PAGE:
While James went on to set many individual franchise records in those seven years, his supporting cast was somewhat lackluster.
Young talent and draft picks were often dealt for veterans at or past their prime. Bad contracts were dealt for other bad contracts. The best teammate James played with in Cleveland has now been retired for three years.
Looking at the roster now, young talent abounds.
The core of Kyrie Irving, Dion Waiters, Andrew Wiggins and Tristan Thompson has the potential to be great, but how long will it take to get there?
Is this already the best group of players James has run with as a Cavalier, or does one of the veteran, more proven rosters of the mid-to-late 2000s get the nod?
Identifying the Best Roster, 2003-2010
This is a somewhat tricky process.
During their five straight playoff runs, three teams especially stand out.
The first is the 2006-07 squad that advanced to the NBA Finals, the first and only appearance in Cavaliers' history. Although they won just 50 games in the regular season, the Cavs finished the year on a 23-11 run thanks to switching to a larger lineup with Larry Hughes moving to point guard.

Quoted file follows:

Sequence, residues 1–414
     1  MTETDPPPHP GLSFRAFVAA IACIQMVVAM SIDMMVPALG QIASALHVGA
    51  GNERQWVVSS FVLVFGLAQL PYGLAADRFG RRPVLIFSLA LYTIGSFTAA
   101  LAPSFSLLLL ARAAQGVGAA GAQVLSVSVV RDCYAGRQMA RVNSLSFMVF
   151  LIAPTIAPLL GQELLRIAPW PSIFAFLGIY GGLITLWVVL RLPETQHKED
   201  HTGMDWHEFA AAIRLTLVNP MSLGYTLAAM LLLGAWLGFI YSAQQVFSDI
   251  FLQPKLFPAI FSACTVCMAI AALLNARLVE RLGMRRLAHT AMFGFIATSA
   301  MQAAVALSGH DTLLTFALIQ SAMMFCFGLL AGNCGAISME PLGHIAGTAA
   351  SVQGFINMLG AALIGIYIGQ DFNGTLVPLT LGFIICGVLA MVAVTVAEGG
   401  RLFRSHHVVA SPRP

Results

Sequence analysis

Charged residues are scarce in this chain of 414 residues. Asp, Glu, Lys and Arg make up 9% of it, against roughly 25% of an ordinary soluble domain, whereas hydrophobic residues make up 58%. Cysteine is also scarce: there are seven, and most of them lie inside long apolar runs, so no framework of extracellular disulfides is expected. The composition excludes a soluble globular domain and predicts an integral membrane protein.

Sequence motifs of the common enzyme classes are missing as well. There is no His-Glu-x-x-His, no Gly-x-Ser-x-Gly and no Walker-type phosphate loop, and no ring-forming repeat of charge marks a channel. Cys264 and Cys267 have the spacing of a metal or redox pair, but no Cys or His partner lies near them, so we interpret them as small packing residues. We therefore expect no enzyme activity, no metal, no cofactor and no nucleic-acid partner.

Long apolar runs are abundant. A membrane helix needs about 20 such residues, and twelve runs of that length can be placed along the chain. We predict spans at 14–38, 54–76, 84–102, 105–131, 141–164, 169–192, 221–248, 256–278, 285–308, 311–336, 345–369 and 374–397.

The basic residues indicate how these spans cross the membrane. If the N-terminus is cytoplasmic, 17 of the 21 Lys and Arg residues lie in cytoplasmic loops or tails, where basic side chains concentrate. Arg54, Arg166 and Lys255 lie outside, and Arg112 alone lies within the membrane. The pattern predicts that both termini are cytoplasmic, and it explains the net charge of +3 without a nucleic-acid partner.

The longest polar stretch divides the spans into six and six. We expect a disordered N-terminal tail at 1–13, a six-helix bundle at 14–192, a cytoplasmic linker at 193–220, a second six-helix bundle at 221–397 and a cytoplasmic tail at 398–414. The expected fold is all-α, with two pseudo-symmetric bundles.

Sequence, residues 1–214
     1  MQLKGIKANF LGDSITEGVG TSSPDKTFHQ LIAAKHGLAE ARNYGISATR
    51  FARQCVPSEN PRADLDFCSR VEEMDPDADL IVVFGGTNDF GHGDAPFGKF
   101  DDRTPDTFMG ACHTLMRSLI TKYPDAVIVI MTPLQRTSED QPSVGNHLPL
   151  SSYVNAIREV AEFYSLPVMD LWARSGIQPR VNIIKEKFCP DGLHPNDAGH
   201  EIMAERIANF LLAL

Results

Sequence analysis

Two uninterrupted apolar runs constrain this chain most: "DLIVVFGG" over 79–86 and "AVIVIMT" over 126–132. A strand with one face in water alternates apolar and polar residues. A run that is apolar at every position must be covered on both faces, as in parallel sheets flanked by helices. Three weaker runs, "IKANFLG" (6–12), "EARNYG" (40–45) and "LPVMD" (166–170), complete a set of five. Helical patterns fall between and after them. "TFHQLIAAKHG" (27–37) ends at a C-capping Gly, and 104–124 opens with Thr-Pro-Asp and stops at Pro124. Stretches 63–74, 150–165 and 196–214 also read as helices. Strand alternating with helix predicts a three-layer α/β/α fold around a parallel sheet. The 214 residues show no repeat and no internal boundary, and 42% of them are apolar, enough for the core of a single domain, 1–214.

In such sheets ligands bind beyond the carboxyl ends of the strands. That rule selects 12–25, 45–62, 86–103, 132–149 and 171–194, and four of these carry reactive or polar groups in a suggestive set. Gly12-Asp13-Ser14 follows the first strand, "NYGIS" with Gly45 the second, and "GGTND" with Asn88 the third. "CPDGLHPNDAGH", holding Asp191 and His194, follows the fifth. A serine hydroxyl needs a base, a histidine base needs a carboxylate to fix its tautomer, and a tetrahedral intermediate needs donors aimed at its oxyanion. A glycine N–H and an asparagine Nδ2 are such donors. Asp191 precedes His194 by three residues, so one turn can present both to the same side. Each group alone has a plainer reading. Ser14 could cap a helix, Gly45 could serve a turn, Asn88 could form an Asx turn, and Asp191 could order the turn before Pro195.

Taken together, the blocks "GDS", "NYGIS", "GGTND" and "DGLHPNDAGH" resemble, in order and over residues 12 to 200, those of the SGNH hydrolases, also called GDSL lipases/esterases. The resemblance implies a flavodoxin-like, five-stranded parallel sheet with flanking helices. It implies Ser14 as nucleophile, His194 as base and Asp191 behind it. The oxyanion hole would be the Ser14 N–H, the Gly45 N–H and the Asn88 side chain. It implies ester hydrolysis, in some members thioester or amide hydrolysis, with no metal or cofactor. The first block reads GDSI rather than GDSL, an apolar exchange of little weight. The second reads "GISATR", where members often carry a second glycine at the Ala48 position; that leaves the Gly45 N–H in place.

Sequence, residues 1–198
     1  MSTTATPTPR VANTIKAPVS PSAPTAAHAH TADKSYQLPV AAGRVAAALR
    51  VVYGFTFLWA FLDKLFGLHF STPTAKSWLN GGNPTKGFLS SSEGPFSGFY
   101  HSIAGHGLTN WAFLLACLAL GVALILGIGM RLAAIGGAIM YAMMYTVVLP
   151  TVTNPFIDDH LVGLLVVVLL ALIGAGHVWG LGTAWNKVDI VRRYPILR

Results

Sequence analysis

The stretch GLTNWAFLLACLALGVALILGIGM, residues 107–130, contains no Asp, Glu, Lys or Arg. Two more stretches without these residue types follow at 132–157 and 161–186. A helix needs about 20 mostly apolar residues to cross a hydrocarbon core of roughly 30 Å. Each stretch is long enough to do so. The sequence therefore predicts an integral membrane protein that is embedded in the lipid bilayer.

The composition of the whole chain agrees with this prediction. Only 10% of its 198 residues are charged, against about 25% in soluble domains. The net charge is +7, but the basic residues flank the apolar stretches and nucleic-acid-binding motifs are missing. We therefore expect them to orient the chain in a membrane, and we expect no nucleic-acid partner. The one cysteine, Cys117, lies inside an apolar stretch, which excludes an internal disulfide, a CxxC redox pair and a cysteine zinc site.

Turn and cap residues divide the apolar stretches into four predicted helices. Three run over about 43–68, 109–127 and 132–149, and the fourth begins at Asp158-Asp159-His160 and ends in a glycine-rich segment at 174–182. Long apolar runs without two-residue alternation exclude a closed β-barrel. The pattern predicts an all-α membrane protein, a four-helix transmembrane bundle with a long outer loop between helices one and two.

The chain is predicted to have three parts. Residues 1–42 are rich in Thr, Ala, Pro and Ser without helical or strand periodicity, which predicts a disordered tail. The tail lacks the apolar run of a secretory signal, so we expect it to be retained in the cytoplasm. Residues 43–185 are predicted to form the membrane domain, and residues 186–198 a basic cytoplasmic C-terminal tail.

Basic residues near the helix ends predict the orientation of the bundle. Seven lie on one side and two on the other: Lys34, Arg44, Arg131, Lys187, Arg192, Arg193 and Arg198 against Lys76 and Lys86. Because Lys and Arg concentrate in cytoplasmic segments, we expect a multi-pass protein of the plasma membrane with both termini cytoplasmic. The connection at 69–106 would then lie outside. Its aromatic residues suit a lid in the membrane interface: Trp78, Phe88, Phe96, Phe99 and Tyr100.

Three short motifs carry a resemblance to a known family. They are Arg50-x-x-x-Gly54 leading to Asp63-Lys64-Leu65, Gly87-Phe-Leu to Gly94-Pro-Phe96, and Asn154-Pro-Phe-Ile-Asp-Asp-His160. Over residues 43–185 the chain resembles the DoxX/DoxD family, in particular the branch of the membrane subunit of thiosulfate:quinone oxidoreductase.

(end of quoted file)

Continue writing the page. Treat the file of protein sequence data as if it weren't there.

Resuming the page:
While they lacked traditional stars, the team was perhaps the most balanced it ever was with James. Four players averaged 11.1 points or more, and rebounds were plentiful (43.5, second in NBA). Hughes averaged 14.9 points and 3.7 assists while Zydrunas Ilgauskas and Drew Gooden combined for 23 points and 16.2 rebounds a night.
The second was Cleveland's 66-16 season in 2008-09, the Cavs' best record in the history of the franchise. Mo Williams had arguably the best season of any of James' teammates in seven years, averaging 17.8 points and 4.1 assists while knocking down 43.6 of his three-pointers en route to an All-Star appearance.
Ilgauskas (12.9 points, 7.5 rebounds) was still performing at a high level, with players like Delonte West, Anderson Varejao, Ben Wallace, Wally Szczerbiak and Daniel Gibson also making strong contributions. That team not only had the NBA's best record, but also allowed the fewest points (91.4 per game).
The third candidate would be the Cavaliers roster in 2009-10 which had the most star power. Cleveland traded for Shaquille O'Neal before the season started and picked up Antawn Jamison at the trade deadline.
J.J. Hickson was starting to emerge, and the bench was strong with Varejao, Ilgauskas, West, Gibson and Jamario Moon. The Cavs finished ninth in the league in scoring at 102.1 points a game, their highest mark in seven years with James.